Aristotle starts off in Book I by establishing that happiness is the goal of human life. This happiness resides not in pleasure, or in wealth, but in virtue. For Aristotle happiness is achievable in this life. He does not seem to believe that happiness in the after-life is the reward of virtue. Suffering, martyrdom, and poverty are not something that we endure in order to have an eternal reward in heaven. It is easy, however, to see how Aristotle's system could be Christianized. Aristotle focuses on the virtues as leading to happiness, a happiness which Christianity says is final in the after-life, but which Aristotle emphasizes as being in the present.
In Book II Aristotle begins his discussion of the various virtues. This discussion continues for several books, so I'll try to summarize the main points. Aristotle's description of the virtues is more or less what I was taught in Catholic school back in the early 60s. The virtues exist as a mean between two defective extremes. There are extremes of too much (rashness, prodigality) and extremes of deficiency (cowardice, avarice) with the virtues existing as middle states (courage, liberality).
Aristotle sees courage as involving primarily bravery in battle. It is directed against military foes. So the 9/11 hi-jackers, Bill Maher to the contrary, are not brave. If anything it is more a case of rashness. What Aristotle doesn't go into, and what puzzles me, is that border between rashness and bravery, and what if your bravery leads to the death of those under you? I'm thinking of actions like that of Ernest Evans, commander of the USS Johnston (DD-557), who was awarded the Medal of Honor for his actions at Leyte Gulf.
This is the citation for Evans: "For conspicuous gallantry and intrepidity at the risk of his life above and beyond the call of duty as commanding officer of the U.S.S. Johnston in action against major units of the enemy Japanese fleet during the battle off Samar on 25 October 1944. The first to lay a smokescreen and to open fire as an enemy task force, vastly superior in number, firepower and armor, rapidly approached. Comdr. Evans gallantly diverted the powerful blasts of hostile guns from the lightly armed and armored carriers under his protection, launching the first torpedo attack when the Johnston came under straddling Japanese shellfire. Undaunted by damage sustained under the terrific volume of fire, he unhesitatingly joined others of his group to provide fire support during subsequent torpedo attacks against the Japanese and, outshooting and outmaneuvering the enemy as he consistently interposed his vessel between the hostile fleet units and our carriers despite the crippling loss of engine power and communications with steering aft, shifted command to the fantail, shouted steering orders through an open hatch to men turning the rudder by hand and battled furiously until the Johnston, burning and shuddering from a mortal blow, lay dead in the water after 3 hours of fierce combat. Seriously wounded early in the engagement, Comdr. Evans, by his indomitable courage and brilliant professional skill, aided materially in turning back the enemy during a critical phase of the action. His valiant fighting spirit throughout this historic battle will venture as an inspiration to all who served with him."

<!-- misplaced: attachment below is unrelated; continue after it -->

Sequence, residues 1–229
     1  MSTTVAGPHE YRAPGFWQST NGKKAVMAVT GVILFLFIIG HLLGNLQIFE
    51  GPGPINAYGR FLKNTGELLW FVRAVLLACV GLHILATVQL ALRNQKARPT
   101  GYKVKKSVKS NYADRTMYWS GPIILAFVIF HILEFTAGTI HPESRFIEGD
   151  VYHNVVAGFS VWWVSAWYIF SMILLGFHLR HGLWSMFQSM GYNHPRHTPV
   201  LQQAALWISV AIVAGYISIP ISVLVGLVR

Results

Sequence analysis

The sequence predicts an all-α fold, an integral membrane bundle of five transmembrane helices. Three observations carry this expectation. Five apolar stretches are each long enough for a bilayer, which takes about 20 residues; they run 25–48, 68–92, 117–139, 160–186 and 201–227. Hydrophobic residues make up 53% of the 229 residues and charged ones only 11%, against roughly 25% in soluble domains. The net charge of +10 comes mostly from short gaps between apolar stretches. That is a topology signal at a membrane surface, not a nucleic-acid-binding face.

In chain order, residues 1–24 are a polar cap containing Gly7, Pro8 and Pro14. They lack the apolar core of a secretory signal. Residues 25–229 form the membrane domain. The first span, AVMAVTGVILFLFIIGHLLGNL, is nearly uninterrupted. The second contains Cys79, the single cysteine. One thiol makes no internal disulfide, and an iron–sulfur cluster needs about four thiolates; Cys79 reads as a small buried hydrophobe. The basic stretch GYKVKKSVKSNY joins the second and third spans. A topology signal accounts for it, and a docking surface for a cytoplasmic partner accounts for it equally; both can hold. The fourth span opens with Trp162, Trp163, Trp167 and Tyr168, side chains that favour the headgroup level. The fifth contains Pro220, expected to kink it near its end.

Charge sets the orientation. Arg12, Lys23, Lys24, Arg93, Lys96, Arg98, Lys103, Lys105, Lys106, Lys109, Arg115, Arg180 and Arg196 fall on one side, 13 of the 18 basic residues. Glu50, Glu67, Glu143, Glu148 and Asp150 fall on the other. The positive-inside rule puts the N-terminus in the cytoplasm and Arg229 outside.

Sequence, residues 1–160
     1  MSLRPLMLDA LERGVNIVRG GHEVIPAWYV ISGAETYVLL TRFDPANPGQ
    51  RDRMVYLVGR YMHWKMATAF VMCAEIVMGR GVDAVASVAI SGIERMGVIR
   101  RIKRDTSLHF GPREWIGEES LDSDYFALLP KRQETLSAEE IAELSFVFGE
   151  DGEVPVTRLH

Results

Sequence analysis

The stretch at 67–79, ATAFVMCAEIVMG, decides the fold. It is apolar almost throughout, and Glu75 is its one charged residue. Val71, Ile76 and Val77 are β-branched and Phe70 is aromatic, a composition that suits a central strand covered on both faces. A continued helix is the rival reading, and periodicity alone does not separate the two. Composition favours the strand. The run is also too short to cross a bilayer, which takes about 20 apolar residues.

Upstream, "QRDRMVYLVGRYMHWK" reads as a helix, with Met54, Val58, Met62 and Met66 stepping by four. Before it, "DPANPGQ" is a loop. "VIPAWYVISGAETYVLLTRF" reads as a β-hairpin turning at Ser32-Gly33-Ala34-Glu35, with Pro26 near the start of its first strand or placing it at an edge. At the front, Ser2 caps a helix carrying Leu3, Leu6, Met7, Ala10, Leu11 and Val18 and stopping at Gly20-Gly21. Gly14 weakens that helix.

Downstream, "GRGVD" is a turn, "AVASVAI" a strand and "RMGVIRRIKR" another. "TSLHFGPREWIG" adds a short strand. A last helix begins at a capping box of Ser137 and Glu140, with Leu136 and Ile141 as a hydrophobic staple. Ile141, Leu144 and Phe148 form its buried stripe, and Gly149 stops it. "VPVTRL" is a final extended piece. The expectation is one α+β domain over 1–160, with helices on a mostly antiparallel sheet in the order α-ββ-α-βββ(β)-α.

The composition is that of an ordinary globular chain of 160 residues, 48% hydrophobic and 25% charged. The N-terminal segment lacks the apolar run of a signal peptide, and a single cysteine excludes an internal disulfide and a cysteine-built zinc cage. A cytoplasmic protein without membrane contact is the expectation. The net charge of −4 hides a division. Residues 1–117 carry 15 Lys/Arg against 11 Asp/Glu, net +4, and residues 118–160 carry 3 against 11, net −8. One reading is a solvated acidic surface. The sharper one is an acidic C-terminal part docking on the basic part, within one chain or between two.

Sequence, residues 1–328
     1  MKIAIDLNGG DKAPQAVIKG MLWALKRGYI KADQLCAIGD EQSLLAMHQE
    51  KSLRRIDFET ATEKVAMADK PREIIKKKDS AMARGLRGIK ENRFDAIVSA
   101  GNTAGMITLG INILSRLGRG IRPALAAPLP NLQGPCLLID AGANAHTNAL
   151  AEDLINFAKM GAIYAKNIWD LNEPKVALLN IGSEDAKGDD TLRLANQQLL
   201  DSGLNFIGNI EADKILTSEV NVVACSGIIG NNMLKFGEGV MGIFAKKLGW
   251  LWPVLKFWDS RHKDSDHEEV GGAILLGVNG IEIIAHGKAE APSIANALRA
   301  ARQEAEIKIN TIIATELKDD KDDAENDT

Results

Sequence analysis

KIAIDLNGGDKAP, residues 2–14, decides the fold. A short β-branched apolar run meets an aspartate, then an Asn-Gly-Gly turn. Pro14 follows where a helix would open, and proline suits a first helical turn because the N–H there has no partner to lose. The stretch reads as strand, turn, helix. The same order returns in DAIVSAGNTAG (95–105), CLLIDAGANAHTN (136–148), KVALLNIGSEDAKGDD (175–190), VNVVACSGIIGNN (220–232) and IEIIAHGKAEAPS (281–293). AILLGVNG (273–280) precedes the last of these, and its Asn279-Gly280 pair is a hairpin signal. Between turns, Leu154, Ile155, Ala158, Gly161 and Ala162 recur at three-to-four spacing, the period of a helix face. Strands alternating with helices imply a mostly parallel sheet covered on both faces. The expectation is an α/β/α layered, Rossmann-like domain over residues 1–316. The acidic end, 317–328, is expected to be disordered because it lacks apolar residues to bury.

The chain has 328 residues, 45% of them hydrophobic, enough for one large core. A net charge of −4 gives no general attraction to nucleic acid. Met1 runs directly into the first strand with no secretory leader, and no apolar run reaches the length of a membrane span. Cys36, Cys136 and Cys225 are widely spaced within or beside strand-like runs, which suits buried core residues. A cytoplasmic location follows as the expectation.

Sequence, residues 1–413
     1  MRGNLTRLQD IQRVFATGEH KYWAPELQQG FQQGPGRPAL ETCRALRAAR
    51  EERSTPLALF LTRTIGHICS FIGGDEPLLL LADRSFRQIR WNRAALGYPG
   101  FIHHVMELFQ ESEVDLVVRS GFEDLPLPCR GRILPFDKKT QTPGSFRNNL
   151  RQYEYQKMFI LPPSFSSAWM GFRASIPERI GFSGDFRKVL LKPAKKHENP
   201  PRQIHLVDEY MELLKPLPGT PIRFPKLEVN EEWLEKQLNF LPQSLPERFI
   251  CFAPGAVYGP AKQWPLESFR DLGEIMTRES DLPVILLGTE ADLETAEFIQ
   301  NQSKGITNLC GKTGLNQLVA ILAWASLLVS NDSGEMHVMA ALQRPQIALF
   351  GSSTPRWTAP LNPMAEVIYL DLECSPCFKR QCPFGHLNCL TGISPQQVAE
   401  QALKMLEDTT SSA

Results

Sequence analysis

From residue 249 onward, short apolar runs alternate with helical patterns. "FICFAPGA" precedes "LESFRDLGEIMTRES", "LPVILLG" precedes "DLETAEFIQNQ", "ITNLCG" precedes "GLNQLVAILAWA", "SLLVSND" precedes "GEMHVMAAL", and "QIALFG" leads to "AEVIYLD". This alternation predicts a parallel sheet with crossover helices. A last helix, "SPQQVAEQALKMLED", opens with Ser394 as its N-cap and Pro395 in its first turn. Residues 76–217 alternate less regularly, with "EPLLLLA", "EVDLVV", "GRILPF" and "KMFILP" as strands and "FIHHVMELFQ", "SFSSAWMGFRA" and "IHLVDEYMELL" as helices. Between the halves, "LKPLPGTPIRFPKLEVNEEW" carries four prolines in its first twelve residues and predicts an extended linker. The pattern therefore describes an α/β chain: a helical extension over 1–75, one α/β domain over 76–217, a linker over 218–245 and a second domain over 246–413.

Aristotle's discussion of liberality is interesting. He contrasts the man who is prodigal, basically an overspender, with the man who spends money so that it will do the most good. The prodigal might seem more genial at first, and he may well be less poisonous, both to himself and to others, but it seems to me that the ultimate result will be that the prodigal man will be asking, at some point, for a hand out. I think of somebody who owns 3 expensive cars, and two pieces of property, and then asks for financial aid to cover their medical expenses because they work part-time and intermittently, as falling under the category of prodigal. They need to reform their character more than they need a bail-out.
My observation of the avaricious people that I've known is that it manages to poison their whole character. Dickens got the avaricious man right in his portrait of Scrooge. The avarice extends to their diet, so that they will harm themselves with a deficient diet to save money rather than spending an extra dollar or two for decent food.
Aristotle considers pride a virtue, whereas Christianity considers it to be one of the seven deadly sins. Aristotle, however, contrasts it with vanity, which is sometimes used instead of pride in the list of the seven deadly. The deficiency is a mock humility.
I'm not going to try to summarize Aristotle's views on justice except to note that in his view Justice summarizes or contains the other virtues.
Aristotle's discussion of friendship is interesting. I remember that in one of my high school religion classes the question of friendship among bad men, i.e., gangsters, came up. The response, which I now recognize as Aristotelian, was that true friendship could not exist if the "friends" were bad people. What exists is a friendship based on utility, which Aristotle classes as inferior to that based on the good. It would seem then that Milton's line "devil with devil damned firm concord holds" (PL II:496-7) is, as with much of Milton, simply not true.
The final section of the Ethics forms a bridge to the Politics. Political science, or legislation, is ethics on a larger scale.
Next up: The Politics. I'm going to try to post on a daily basis so that the day's reading will be fresher in my mind.